Merge's Blog

An unexpected lesson about choice from a sea otter

A couple of weeks ago, on my morning walk along Victoria’s Inner Harbour walkway, I was very fortunate to observe a sea otter dive down into the ocean to catch a crab and then swim up to the shore to eat it, approximately 15 feet away from where I was standing. I caught about 30 seconds of this amazing encounter on video which I’ve posted below.

This infrequent experience was exciting in itself, but what I found particularly interesting was that the sea otter took just a couple of bites of the crab, leaving the majority of the carcass behind on the rocks as he swam away. Why didn’t he finish this meal that he worked so hard to obtain? Was it because it didn’t taste very good? Or was there a more delicious morsel he spotted just on the other side of the rock? Maybe it was because he saw us watching quietly nearby. Or perhaps it was because the seagulls were already circling and he wanted to share his bounty (or couldn’t be bothered to fight them off)

The otter made a choice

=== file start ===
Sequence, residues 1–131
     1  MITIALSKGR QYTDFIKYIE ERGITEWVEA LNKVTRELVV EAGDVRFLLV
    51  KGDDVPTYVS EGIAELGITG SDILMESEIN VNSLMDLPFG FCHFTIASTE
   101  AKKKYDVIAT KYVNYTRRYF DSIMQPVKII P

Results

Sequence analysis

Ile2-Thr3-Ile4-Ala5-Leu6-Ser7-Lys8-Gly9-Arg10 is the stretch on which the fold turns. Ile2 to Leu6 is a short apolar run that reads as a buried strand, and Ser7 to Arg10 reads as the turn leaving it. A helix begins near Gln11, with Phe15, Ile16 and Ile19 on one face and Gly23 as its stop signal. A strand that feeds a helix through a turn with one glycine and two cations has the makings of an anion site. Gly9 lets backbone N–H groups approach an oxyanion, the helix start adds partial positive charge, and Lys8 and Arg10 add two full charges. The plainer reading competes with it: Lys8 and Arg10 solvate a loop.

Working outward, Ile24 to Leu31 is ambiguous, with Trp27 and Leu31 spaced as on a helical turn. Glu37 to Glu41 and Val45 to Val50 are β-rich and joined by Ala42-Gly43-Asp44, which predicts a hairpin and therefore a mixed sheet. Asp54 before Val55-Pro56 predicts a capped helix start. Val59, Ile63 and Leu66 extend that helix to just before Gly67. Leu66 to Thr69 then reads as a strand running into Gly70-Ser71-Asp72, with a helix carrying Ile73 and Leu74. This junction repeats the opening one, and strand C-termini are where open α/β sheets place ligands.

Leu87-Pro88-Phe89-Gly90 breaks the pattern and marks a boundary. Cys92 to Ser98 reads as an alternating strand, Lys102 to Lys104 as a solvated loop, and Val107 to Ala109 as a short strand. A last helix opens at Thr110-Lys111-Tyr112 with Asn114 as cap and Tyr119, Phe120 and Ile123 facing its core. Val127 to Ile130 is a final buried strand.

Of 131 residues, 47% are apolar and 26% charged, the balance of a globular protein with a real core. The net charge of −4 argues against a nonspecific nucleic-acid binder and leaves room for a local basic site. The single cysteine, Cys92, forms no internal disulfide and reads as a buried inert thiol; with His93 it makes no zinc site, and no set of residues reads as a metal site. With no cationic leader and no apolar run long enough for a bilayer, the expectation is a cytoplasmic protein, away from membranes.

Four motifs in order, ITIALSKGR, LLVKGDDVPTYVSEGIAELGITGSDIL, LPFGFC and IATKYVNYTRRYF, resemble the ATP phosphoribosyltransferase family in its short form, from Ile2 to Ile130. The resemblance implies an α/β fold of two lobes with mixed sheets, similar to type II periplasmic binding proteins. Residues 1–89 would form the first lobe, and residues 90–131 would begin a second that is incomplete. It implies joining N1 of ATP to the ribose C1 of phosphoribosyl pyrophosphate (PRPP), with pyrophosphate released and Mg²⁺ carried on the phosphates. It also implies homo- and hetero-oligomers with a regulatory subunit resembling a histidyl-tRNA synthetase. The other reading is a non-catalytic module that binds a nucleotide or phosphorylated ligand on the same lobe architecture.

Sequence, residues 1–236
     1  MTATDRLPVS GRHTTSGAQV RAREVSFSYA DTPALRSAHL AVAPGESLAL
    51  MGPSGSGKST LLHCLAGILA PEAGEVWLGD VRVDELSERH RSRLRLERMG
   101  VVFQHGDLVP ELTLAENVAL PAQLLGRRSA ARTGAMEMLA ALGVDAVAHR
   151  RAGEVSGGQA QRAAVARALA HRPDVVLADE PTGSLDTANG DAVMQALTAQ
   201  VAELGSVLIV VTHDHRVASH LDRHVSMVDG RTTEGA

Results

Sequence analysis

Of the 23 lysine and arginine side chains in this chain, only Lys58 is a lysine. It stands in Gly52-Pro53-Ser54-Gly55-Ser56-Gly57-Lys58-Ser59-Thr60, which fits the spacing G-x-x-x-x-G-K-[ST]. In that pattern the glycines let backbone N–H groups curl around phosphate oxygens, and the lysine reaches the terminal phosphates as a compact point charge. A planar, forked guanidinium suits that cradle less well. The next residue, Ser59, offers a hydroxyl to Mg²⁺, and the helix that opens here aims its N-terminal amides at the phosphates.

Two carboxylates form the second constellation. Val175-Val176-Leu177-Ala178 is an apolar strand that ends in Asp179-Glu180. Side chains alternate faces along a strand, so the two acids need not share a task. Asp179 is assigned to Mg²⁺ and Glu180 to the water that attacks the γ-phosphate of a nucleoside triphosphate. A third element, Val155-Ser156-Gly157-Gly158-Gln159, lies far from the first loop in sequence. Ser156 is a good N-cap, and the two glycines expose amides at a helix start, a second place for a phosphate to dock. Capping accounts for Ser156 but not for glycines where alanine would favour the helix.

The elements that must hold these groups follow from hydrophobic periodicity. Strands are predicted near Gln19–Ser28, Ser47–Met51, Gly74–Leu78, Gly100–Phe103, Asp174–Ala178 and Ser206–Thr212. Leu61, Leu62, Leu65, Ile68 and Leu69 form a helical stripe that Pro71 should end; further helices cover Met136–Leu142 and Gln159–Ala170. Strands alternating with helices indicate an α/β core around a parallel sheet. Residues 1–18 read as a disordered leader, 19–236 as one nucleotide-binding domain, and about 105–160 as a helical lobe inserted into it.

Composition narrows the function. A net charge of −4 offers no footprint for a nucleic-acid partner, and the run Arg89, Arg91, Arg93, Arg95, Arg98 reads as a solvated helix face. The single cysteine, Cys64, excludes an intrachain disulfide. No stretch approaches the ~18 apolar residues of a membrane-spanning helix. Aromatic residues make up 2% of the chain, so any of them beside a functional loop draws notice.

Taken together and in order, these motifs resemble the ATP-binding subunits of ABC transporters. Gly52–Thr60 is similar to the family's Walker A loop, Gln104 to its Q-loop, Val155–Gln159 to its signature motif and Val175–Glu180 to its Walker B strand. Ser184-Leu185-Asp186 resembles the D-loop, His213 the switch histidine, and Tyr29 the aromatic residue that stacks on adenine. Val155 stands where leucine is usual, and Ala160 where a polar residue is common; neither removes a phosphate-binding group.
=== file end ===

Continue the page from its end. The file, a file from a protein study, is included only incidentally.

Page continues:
No matter what the reason, the otter made a choice to let go of what was in front of him because it no longer served him well – either because staying with it could cause him harm, or because leaving it would take him to something better not far on the horizon.

So should leaders!

At this time of the year, when many of people look forward with anticipation, contemplating goals and future accomplishments, this lesson from the otter is certainly worth heeding. As a leader, what do you need to let go of that is no longer serving you (or your department or your organization) well? What are you or your team currently doing that is slowing you down or impeding your progress? Will discarding a specific task or choosing to give up control of a controversial point of view give you the freedom to seek out something superior?

The otter I met on that crisp cold morning two weeks ago was undoubtedly clear on what he wanted, and he was willing to give up what was in front of him in order to achieve his goal. He made a choice.  Are you? Please share your perspective by adding a comment below.


  • I love this-certainly a different twist but a powerful message. As always you make me think!
    Happy New Year.

  • Very timely advice, Merge.

    Thank you – helps me to realize I did what I needed to do.

  • Thank you – sometimes making changes to what is currently working for you is hard. Change never is easy, but as you say, change is necessary when it no longer services your needs. Taking the risk to move forward and find a better solution is a risk but may be more rewarding than you ever dreamed.

  • You’re welcome Antoinette. You’re right about change not being easy — I use this phrase often – “people don’t change until the pain of where they are becomes greater than the pain of where they might be”. It’s hard to let go of the known and venture into the unknown!


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